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Published: Monday, 10/21/2013

Ohio teacher misconduct referrals increase 69 percent over 7 years

ASSOCIATED PRESS

DAYTON, Ohio  — The Ohio Department of Education recorded a 69 percent increase in referrals for possible teacher misconduct during the past seven years, according to a newspaper analysis of agency statistics.

The analysis by the Dayton Daily News showed that the referrals to the education department’s Office of Professional Conduct increased from 4,770 in 2005 to 8,068 last year. However, last year’s figure was a 5.7 percent decrease from 2011. It’s only the second time the state has seen a decline in the referrals since 2005.

Referrals are made for behaviors ranging from conduct unbecoming to more serious violent and drug offenses.

Steady increases in referrals can be attributed to several factors, including changes to state law in the past decade that have allowed for greater accountability and tracking of state-licensed educators, said Lori Kelly, director of the ODE’s Office of Professional Conduct.

She said the creation of an applicant fingerprint database in 2008 by the Ohio Bureau of Criminal Identification and Investigation and a change in state law requiring background checks every five years have helped lead to a higher rate of referrals.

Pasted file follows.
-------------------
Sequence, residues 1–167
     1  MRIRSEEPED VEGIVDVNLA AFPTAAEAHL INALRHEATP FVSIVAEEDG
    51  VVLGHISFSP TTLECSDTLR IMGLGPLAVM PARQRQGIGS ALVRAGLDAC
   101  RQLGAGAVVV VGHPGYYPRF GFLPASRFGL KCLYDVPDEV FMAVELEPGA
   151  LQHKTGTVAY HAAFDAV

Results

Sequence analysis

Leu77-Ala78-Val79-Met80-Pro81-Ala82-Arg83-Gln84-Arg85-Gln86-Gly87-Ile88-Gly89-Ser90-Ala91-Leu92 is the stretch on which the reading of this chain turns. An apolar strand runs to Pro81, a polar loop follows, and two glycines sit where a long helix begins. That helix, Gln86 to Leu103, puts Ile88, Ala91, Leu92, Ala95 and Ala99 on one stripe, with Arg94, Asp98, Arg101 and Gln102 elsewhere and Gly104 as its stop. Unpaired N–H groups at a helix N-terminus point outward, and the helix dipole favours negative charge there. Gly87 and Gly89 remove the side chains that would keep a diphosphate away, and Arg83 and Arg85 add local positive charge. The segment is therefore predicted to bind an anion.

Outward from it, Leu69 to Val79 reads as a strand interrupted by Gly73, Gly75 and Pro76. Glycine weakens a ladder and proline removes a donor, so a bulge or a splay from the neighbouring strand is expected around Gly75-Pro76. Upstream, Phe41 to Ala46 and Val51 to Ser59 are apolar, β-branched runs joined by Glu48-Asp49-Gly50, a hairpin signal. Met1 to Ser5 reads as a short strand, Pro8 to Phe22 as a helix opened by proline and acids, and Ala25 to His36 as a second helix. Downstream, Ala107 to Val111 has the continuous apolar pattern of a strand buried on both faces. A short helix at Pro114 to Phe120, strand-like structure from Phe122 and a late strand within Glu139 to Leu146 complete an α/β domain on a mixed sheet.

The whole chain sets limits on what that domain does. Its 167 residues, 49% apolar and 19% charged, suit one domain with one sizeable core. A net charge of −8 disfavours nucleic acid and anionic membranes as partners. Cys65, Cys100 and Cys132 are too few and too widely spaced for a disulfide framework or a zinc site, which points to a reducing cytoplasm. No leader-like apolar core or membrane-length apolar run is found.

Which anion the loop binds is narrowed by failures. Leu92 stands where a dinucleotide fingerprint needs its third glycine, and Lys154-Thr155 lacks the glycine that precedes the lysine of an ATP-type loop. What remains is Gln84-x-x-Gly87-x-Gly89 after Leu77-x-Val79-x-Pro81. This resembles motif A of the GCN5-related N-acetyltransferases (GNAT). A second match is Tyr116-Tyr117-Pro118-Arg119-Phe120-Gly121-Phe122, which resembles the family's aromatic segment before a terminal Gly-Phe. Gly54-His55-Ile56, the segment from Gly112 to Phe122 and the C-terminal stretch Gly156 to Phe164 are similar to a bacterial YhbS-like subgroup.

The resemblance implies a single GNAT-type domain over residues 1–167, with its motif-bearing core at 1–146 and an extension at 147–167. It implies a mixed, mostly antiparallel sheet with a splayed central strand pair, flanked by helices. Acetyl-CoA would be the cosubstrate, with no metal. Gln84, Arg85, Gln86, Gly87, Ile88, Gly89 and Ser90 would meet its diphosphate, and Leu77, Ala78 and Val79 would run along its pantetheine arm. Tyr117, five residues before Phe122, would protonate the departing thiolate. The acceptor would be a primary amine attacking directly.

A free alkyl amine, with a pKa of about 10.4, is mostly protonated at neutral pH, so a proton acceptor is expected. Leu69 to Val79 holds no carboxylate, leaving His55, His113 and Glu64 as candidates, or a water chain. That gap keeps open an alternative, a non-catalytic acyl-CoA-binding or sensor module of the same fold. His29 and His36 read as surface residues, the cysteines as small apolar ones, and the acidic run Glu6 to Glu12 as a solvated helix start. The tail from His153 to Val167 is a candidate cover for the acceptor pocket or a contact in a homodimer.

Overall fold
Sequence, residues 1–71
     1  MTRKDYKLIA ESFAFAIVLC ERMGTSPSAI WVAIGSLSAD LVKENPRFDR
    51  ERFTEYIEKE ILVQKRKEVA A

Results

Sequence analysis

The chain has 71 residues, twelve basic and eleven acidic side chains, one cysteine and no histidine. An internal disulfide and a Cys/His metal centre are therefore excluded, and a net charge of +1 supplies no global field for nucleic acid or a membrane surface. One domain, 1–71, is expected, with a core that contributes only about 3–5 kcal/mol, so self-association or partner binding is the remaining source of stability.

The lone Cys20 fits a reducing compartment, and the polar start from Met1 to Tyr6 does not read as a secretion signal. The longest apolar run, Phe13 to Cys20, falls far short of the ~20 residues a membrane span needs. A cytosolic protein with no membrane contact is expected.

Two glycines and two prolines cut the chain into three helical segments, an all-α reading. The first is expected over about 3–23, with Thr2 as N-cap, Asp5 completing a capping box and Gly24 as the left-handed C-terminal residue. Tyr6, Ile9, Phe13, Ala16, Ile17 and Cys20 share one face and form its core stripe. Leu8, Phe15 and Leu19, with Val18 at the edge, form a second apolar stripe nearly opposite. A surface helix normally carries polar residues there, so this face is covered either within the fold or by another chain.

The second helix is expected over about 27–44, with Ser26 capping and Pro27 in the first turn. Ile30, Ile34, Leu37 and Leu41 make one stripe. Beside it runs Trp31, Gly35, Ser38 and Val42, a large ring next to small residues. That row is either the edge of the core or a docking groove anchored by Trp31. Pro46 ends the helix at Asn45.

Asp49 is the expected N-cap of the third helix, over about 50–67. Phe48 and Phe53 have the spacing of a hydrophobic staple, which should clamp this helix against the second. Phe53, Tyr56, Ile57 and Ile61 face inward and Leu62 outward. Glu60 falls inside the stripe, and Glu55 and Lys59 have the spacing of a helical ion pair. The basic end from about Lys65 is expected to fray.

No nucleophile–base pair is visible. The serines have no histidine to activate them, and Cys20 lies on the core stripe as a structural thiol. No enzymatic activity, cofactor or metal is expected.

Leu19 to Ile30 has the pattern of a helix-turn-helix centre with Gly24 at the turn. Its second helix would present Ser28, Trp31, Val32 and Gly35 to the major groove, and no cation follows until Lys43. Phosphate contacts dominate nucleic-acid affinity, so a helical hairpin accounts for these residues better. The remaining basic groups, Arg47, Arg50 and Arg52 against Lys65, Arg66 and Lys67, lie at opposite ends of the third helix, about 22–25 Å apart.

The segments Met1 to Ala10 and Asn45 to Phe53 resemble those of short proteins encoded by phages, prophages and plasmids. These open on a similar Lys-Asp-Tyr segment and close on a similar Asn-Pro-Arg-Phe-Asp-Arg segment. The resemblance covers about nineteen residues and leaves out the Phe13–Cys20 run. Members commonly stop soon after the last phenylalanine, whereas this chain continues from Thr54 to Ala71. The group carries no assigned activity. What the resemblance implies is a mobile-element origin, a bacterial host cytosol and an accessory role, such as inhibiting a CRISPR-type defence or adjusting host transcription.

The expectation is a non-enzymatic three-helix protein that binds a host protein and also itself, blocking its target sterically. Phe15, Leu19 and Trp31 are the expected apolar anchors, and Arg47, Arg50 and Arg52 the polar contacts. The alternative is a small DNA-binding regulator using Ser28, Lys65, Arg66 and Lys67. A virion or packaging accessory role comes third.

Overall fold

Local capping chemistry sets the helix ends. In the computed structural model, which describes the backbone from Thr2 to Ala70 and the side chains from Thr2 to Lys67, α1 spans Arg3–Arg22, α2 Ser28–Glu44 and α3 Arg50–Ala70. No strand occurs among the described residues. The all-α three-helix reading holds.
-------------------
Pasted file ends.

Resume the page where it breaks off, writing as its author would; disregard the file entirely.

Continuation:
The state’s Licensure Code of Professional Conduct, adopted in 2008, serves as the foundation for decisions on licensure, and is a guide for conduct with professional implications, according to the education department.

Kelly said state law also outlines about 80 criminal offenses that require the automatic revocation of a license, including murder, reckless homicide, bribery and compelling prostitution.

Cases investigated by the Office of Professional Conduct represent only about 0.5 percent of the 185,000 licensed educators in Ohio. There were 959 referrals investigated by the education department in 2012, down from the 2011 figure of 983, which was the highest number since 2005.

After an allegation of misconduct is investigated, the state Board of Education can take no action or take steps ranging from a letter of admonishment to revocation of a teaching license.

“The system works,” said Tom Henderson, superintendent of the Centerville school district in the Dayton area. “It’s all about doing the right thing and being safe with our kids. But when (disciplinary actions) come up, it’s always disappointing and disheartening.”



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